All of that, of course, requires actual intellectual work. Don’t look to Ray Comfort for that. He is an apologist, seeking whatever out-of-context tidbits and factoids he can press into service for his predetermined conclusions.
One more example of this lazy style of arguing – Comfort tries to deconstruct the claim by some atheists that certain famous intellectuals were atheists. This is all an argument from authority anyway, and like much of the video is mostly there not to make a valuable intellectual argument but to entertain believers. Comfort’s style here is to take a cherry-picked quote out of context to “establish” that the person was not really an atheist.
The list of atheists include Carl Sagan. Comfort claims that Sagan was really an agnostic, not an atheist. Comfort is assuming that agnostic and atheist are mutually exclusive, when they are not. Sagan (like me) was both an atheist, in that he did not believe in any god, and a philosophical agnostic, in that he recognized that some questions are not scientific.
Here’s a quote which explains his position:
“My view is that if there is no evidence for it, then forget about it. An agnostic is somebody who doesn’t believe in something until there is evidence for it, so I’m agnostic.”
Sagan left behind a large volume of writing an interviews making it clear that he was an atheist.
Comfort also argues that Albert Einstein was not an atheist. It is true that Einstein often referred to “God” but also clarified what he meant by that, essentially the ineffable wonder of the universe. In “the god letter” Einstein wrote:
“The word God is for me nothing more than the expression and product of human weaknesses, the Bible a collection of honorable, but still primitive legends which are nevertheless pretty childish. No interpretation no matter how subtle can (for me) change this. These subtilised interpretations are highly manifold according to their nature and have almost nothing to do with the original text. For me the Jewish religion like all other religions is an incarnation of the most childish superstitions.”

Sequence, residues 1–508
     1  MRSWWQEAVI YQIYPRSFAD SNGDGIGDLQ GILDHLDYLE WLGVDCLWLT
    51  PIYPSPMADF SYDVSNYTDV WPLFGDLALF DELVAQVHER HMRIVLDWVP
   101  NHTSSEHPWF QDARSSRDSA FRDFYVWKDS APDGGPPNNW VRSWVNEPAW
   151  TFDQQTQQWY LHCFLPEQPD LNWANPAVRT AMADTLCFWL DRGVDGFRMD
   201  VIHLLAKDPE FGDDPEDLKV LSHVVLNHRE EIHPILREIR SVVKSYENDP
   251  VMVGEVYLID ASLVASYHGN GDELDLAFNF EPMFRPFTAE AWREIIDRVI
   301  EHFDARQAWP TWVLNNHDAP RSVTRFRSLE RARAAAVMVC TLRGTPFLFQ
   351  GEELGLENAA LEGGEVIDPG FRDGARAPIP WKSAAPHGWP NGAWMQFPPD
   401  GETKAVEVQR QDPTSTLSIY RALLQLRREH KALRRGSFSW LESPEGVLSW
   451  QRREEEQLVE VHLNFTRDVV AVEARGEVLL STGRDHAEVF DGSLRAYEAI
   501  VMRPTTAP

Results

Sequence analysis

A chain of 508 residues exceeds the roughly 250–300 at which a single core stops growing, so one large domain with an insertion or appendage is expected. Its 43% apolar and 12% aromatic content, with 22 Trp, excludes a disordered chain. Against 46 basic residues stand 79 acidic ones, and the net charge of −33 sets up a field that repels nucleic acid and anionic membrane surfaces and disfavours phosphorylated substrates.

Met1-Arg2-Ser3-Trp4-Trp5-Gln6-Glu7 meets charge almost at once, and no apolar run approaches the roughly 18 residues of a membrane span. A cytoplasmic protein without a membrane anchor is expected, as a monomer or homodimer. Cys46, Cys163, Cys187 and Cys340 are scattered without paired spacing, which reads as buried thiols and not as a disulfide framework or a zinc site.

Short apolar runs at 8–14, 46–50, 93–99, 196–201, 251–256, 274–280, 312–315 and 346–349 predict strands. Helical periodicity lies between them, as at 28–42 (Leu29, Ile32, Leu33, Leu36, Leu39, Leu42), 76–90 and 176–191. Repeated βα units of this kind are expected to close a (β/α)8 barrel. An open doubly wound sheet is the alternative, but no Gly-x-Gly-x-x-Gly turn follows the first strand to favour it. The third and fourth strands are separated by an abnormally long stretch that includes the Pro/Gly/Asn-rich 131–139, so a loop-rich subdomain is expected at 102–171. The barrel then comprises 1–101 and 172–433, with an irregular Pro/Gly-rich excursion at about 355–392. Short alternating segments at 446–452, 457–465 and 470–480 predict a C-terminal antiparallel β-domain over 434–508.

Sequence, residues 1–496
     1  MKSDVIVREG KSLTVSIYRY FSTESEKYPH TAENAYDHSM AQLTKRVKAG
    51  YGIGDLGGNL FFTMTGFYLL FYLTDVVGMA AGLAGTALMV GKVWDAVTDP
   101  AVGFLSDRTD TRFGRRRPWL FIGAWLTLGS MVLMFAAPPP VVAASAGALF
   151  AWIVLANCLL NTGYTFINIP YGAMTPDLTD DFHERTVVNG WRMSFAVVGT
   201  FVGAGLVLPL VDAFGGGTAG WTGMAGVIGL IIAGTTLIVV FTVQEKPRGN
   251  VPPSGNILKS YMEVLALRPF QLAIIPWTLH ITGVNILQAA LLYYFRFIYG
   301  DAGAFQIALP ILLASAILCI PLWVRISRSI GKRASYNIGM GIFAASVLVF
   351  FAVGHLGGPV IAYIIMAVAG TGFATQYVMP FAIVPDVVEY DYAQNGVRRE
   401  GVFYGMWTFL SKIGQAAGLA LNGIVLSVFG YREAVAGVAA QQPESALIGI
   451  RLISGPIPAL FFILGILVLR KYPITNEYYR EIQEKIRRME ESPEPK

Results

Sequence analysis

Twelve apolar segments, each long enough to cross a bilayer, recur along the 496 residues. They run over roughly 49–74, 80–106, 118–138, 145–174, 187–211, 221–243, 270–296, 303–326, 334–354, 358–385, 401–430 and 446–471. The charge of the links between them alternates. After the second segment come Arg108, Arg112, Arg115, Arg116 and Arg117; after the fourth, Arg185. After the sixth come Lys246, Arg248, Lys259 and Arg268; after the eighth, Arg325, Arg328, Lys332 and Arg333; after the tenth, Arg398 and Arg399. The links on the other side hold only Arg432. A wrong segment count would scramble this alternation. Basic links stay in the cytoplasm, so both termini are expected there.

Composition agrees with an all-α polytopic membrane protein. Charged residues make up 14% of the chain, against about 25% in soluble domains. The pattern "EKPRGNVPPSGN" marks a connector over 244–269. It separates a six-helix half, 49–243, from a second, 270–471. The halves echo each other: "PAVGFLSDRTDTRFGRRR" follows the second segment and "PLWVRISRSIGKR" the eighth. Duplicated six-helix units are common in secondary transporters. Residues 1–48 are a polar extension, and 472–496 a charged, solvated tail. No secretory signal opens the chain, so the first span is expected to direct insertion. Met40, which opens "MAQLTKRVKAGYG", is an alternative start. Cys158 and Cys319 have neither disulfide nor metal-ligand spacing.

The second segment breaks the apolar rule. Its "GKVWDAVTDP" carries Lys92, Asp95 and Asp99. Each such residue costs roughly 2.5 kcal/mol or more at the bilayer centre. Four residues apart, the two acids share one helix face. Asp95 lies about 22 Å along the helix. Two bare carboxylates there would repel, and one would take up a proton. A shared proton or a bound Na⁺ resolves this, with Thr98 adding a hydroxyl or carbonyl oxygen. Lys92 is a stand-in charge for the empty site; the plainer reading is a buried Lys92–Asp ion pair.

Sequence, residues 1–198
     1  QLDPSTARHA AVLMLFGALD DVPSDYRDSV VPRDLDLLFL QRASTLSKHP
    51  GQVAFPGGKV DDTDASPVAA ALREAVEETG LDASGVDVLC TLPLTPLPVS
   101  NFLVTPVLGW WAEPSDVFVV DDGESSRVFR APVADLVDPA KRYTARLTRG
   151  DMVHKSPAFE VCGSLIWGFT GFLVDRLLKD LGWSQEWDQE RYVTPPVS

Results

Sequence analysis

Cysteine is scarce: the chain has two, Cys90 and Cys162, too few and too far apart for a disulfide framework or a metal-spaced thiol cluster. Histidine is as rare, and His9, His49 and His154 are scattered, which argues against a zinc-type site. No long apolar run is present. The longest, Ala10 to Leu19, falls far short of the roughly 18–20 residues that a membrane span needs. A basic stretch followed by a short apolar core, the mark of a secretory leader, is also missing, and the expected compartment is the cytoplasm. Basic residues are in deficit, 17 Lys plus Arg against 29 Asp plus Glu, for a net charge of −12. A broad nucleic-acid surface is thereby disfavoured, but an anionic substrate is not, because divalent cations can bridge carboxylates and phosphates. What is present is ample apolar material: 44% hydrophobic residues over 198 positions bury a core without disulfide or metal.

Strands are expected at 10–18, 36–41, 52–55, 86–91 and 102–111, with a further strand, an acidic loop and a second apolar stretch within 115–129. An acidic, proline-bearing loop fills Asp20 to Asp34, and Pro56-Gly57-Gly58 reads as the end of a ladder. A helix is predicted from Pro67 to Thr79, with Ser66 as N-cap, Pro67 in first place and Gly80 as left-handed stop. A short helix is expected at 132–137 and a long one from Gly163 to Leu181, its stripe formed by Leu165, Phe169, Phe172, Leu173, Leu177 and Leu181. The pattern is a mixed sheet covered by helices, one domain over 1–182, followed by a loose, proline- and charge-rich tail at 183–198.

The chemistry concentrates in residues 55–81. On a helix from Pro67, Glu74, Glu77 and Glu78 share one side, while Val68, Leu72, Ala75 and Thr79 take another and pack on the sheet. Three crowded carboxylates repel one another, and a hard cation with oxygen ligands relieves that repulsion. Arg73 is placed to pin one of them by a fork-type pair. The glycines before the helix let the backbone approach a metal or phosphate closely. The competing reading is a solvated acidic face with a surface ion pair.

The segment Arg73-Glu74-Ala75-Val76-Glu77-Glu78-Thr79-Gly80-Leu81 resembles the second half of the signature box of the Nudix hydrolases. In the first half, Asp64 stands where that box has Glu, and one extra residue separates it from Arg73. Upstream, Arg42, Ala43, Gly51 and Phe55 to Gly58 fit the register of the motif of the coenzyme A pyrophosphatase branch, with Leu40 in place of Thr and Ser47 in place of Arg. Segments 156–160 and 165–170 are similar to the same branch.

It doesn’t matter at all if certain historical figures believed in God or not. My point here is simply to highlight Comfort’s intellectual laziness and deceptive tactics. He does not appear to be interested in getting to the bottom of any question, but rather simply latching onto any superficial point that he can exploit.
Comfort does serve one purpose, however, as an intellectual buffoon. His work is a great way to study logical fallacies and for the novice critical thinker to sharpen their skills. Take a look at the video and see how many ways you can deconstruct Comfort’s arguments and strategies. I would almost believe that Comfort is a parody of himself – a character used to expose the tactics of fundamentalists. The truth is probably simpler.
23 Responses to “Logic vs Ray Comfort”
Leave a Reply
You must be logged in to post a comment.